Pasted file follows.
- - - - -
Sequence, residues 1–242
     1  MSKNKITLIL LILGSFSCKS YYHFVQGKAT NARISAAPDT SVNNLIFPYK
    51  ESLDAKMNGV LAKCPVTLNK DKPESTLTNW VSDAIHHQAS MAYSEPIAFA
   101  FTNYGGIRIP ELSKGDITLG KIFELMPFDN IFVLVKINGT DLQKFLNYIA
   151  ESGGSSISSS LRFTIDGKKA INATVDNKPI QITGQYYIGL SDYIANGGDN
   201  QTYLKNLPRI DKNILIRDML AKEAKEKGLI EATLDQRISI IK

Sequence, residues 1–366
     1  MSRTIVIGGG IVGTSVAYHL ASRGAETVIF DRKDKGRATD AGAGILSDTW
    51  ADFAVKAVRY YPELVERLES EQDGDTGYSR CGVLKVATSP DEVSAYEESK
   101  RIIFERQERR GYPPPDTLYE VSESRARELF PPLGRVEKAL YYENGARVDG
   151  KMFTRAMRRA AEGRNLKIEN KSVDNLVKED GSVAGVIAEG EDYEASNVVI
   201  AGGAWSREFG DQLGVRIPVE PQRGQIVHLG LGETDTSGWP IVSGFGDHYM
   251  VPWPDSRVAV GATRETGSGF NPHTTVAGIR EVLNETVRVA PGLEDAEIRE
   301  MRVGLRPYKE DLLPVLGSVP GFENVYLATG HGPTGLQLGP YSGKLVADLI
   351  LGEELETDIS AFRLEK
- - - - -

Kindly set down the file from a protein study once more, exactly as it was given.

Sequence, residues 1–242
     1  MSKNKITLIL LILGSFSCKS YYHFVQGKAT NARISAAPDT SVNNLIFPYK
    51  ESLDAKMNGV LAKCPVTLNK DKPESTLTNW VSDAIHHQAS MAYSEPIAFA
   101  FTNYGGIRIP ELSKGDITLG KIFELMPFDN IFVLVKINGT DLQKFLNYIA
   151  ESGGSSISSS LRFTIDGKKA INATVDNKPI QITGQYYIGL SDYIANGGDN
   201  QTYLKNLPRI DKNILIRDML AKEAKEKGLI EATLDQRISI IK

Sequence, residues 1–366
     1  MSRTIVIGGG IVGTSVAYHL ASRGAETVIF DRKDKGRATD AGAGILSDTW
    51  ADFAVKAVRY YPELVERLES EQDGDTGYSR CGVLKVATSP DEVSAYEESK
   101  RIIFERQERR GYPPPDTLYE VSESRARELF PPLGRVEKAL YYENGARVDG
   151  KMFTRAMRRA AEGRNLKIEN KSVDNLVKED GSVAGVIAEG EDYEASNVVI
   201  AGGAWSREFG DQLGVRIPVE PQRGQIVHLG LGETDTSGWP IVSGFGDHYM
   251  VPWPDSRVAV GATRETGSGF NPHTTVAGIR EVLNETVRVA PGLEDAEIRE
   301  MRVGLRPYKE DLLPVLGSVP GFENVYLATG HGPTGLQLGP YSGKLVADLI
   351  LGEELETDIS AFRLEK